Some Notes on the Canadian Mission to Trinidad, II

In general, religion today does not occupy as large a space in personal or community life as it did a century ago. In a sociological sense, as much harm as good has been ascribed to european and neo-european religious fervour. Nevertheless, the Canadian Mission in Trinidad is a clear example of one success story, where noble and essential motives triumph over secularity and self-interest.

The individual missionaries who went to Trinidad did so because they saw that they could improve the lot of a segment of humanity. Their operational formula, so to speak, was necessarily cast within their religious concepts, but they were objective enough to realize that the essential need was intellectual education which would support their christian ethical concepts and values. Indeed, it may be said that they actually placed education in its primary sense ahead of religious zeal.

Nevertheless, their motives and educational constructs were founded in the Presbyterian church. Dr Grant worked everyday on his mission and made everything else in life secondary to it. He committed himself and his followers to elevated standards of performance, which would not be accepted by most workers in most professions today. With the backing of the church, he personally conducted an awesome campaign of sociological change and development. His reward was a fundamental change in the status, objectives, attitudes and lifestyles of an entire sub-population. Missionaries, like other mortals, are not created equal, and there were lesser lights in the mission to Trinidad, but the net achievement can only be gratefully admired.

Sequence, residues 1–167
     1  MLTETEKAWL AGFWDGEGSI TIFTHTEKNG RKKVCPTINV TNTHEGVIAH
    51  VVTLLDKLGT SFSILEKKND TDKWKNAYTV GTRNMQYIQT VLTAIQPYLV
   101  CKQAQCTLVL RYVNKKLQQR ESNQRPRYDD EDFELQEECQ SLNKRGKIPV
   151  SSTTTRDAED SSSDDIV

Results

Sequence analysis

In the British parliament, William Wilberforce's voice of conscience in 1833 was not greeted with acclaim. It took five more years for Wilberforce's humanistic legislation to be proclaimed in Trinidad. Thirty years later, in 1865, the States of the American confederation were still immersed in a bloody civil war, at least in part triggered by these ideas. In Trinidad, the Indian immigration was a better form of withdrawal from a fundamental evil. Indian plantation labour was a rather ingenious, bloodless, and peculiarly British administrative idea to effect parturition from an inhumane ideology, a moral indiscretion born in the adolescence of European world exploitation.

The Canadian Presbyterian church, by circumstance, lent grace to this administrative manoeuvre. Thus, ultimately, the missions were a part of the struggle for freedom from slavery, the subjugation of neighbouring tribes by european primitives. From within the same Empire that dealt misery to its unqualified subjects, came deliverance to a few. Amidst the darkness of history, of greed and exploitation, the acts of the missionaries shine clearly and steadily, and, like the verities they respected, FOREVER.

Further Note: Dr Grant in the field
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